There are others who believe that haiku is an effective way of de-stressing. Anne Dunnett, a haiku lover claims in her blog that ‘in a brief moment, it (haiku) can take you away from the cares of the world and root you in the present moment.’

A lot of others believe that haiku offers a sense of spiritual serenity and tranquillity. Joe Sebastian, a haiku poet says, ‘Haiku’s sheer simplicity of 17 syllables, Zen like mysticism on beauteous and bountiful nature and its multifarious interface, including with sentient and non-sentient beings all leading to deep and unique insights and imprint on the human psyche, leading sometimes to revelatory ‘Aha' moments in  distinct time and space, deeply appeals to me and that was what primarily inspired me to explore not just haiku but other Japanese short form poetry too' .  

We at The Wise Owl realised that there was a lot going for haiku. So much so that featuring a short essay, or a single haiku poet would not do this intriguing poetry genre justice. So, we decided to put together a special haiku supplement for our Pearl New Year Edition. Our haiku supplement includes a comprehensive article explaining the basics of haiku by Mr Pravat Kumar Padhy, a haiku expert. We were fortunate to connect with Neena Singh, a well-known haikuist, who helped us get in touch with other haiku poets from India, UK and USA. So, we have the poetry of seven well-known haiku poets for your reading pleasure. What better way to usher in a freshy minted year?

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Non Fiction

Non Fiction

Memoirs Travelogues Musings & Essays

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Patagonia Winds

Abbie Stirling takes the reader on an unforgettable adventure to the Glacier National Park in El Calafate and then to El Chalten, the trekking capital of Patagonia. Through Abbie’s eyes, the reader sees the beauty of the glacier, the tumbling fjords, the windswept snow-capped peaks and feels the havoc caused by the whimsical and gusty winds of Patagonia. 

~Abbie Stirling


The Trailblazers: Women of Substance

A band of women scribes have taken upon themselves the onerous task of making the world a better place to live in for women, Dalits and economically backward classes. They are the journalists of Khabar Lahariya. The story of these plucky journalists is narrated by Rintu Thomas and Sushmit Ghosh in their award-winning documentary, ‘Writing with Fire’.

~Rachna Singh


Bread Crumbs

Blithe and untroubled, the child in us keeps us young and carefree. But, sometimes, like a little bird in search of breadcrumbs, we follow the path laid out by an unconcerned world and lose this child forever. A deep sense of loss and regret pervades this sensitive, almost elegiac piece about the loss of the ‘inner child’  

~Mischa Pearson



Stories of Fantasy Romance History

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Fiction: The Dead Pond


A dinner brings together old college mates Aditya, Ashok and Anjali. But there are strong undercurrents. Are they what they seem to be or is it just a façade for a secret mission or other nefarious and seditious activities? The main course offers no clue, but the dinner culminates in the Dessert and truth is finally revealed.  

~Chitra Singh

The Dead Pond

Jamila had arrived with her family from Pakistan for the three-day Urs at the Hazrat Mujaddid Alfasani Dargah in Fatehgarh Sahib in India. But her eyes sought a figure from the past. Her heart yearned and cried out with utter hopelessness for Bant Kaur and Billa, who were lost in the mists of time. Would she find what she had lost? Or carry the pain of irredeemable loss all her life?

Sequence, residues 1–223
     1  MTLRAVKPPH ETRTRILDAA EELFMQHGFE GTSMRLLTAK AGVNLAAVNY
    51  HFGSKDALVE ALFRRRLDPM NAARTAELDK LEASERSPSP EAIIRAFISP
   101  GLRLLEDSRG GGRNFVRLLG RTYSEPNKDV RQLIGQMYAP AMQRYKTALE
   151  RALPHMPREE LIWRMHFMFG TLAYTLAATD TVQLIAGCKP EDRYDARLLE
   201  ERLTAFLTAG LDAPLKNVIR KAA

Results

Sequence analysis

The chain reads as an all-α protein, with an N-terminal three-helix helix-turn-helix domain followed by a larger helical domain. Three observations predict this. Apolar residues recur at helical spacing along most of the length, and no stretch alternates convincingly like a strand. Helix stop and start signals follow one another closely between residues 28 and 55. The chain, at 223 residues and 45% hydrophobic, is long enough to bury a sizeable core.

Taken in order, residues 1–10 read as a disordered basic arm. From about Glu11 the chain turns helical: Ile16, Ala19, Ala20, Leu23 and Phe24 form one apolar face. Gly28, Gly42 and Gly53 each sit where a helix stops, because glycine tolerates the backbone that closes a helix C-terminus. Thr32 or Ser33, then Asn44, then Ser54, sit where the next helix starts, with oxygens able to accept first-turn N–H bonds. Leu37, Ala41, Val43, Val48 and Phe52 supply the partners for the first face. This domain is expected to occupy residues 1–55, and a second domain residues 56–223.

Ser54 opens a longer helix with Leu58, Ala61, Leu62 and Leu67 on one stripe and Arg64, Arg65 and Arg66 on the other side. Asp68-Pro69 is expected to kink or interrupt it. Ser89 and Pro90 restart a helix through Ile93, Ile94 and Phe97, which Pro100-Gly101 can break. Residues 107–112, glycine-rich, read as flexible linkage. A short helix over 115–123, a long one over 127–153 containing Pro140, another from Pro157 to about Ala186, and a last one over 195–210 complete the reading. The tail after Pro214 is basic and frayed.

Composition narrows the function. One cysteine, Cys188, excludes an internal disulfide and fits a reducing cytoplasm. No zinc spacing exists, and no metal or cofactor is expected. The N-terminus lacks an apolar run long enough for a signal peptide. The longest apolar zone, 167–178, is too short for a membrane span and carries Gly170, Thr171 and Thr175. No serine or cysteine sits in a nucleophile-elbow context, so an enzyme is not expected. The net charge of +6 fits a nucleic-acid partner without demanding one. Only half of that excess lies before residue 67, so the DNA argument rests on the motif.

~Ranjit Powar

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Reviews of Movies Books and OTT releases

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An Emotional Rollercoaster

Kabir Khan’s 83 recreates the World cup win scripted by a cricket team led by Kapil Dev with finesse. Great script, realistic locales, fantastic acting by Ranveer Singh and the entire cast of actors. The film takes the viewers on an emotional rollercoaster ride. A must watch.

Dhananjay Kelkar

Usain Bolt of Peaks

Nims Pujara, a military veteran and a British Special forces member, quits his job to follow his passion-scaling 14 of the highest peaks of the World. His arduous journey is recorded in the documentary, 14 Peaks: Nothing is Impossible, by Torquil Jonas. The review of the film inspires.

~Mrinalini Oberoi

A Story of Tenacious Resilience

The Pulitzer Prize winning novel of 2021, The Nightwatchman by Louise Erdrich is a story about the unfair treatment of the Native Indian American tribes at the hands of unscrupulous settlers and the government. It is also the story of the characters on the Turtle Mountain Reservation in North Dakota who fight the Termination bill of 1953.

~Pari Deshmukh

Visual Arts

Visual Arts

A Visual Treat for the Soul

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Free Flowing Colors

The enchanting colours of nature are brought alive on the canvas by watercolor artist Harmeet Singh. The colours shimmer and glisten with life. 

~ Harmeet Singh

Modern Architectural Design


EPFL Campus, Lausanne

A computer and science university that showcases the Modern Architectural design of Sejima Kazuyou with panache.

~Nehal J Wani

Colorful Vignettes of Rajasthan

Vignettes of Rajasthan

The denizens of Rajasthan.

There is never a dull moment in the desert as the multi hued attires sported by the people of Rajasthan add colour to the arid landscape.

~Kaveri Bajaj


Editor's Pick

Remembering Shiv Singh

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Podcast of Top Articles, Features, Poems and Stories

The Wise Owl: Podcasts
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Haiku Poetry

Poetry Podcast


~Neena Singh

The Dead Pond

Short Story Podcast

The Dead Pond

~ Ranjit Powar

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Where Images convey more than words

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Flowers with

An image series


the butterflies

around us.